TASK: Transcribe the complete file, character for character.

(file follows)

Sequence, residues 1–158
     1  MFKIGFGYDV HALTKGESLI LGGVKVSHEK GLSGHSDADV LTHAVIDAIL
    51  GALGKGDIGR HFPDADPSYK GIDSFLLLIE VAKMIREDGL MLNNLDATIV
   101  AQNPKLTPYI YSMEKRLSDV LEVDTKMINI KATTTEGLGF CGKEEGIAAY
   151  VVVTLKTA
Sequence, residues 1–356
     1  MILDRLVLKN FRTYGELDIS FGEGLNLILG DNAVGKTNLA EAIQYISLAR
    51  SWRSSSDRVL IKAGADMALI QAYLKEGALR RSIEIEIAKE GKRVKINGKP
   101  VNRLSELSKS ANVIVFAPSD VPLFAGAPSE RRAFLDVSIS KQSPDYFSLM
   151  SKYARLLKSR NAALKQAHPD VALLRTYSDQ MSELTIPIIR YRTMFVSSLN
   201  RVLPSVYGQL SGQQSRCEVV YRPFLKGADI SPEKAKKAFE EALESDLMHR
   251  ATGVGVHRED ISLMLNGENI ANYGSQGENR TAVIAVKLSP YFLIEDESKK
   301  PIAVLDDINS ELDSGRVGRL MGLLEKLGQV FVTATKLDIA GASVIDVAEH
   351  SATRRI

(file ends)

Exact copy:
Sequence, residues 1–158
     1  MFKIGFGYDV HALTKGESLI LGGVKVSHEK GLSGHSDADV LTHAVIDAIL
    51  GALGKGDIGR HFPDADPSYK GIDSFLLLIE VAKMIREDGL MLNNLDATIV
   101  AQNPKLTPYI YSMEKRLSDV LEVDTKMINI KATTTEGLGF CGKEEGIAAY
   151  VVVTLKTA
Sequence, residues 1–356
     1  MILDRLVLKN FRTYGELDIS FGEGLNLILG DNAVGKTNLA EAIQYISLAR
    51  SWRSSSDRVL IKAGADMALI QAYLKEGALR RSIEIEIAKE GKRVKINGKP
   101  VNRLSELSKS ANVIVFAPSD VPLFAGAPSE RRAFLDVSIS KQSPDYFSLM
   151  SKYARLLKSR NAALKQAHPD VALLRTYSDQ MSELTIPIIR YRTMFVSSLN
   201  RVLPSVYGQL SGQQSRCEVV YRPFLKGADI SPEKAKKAFE EALESDLMHR
   251  ATGVGVHRED ISLMLNGENI ANYGSQGENR TAVIAVKLSP YFLIEDESKK
   301  PIAVLDDINS ELDSGRVGRL MGLLEKLGQV FVTATKLDIA GASVIDVAEH
   351  SATRRI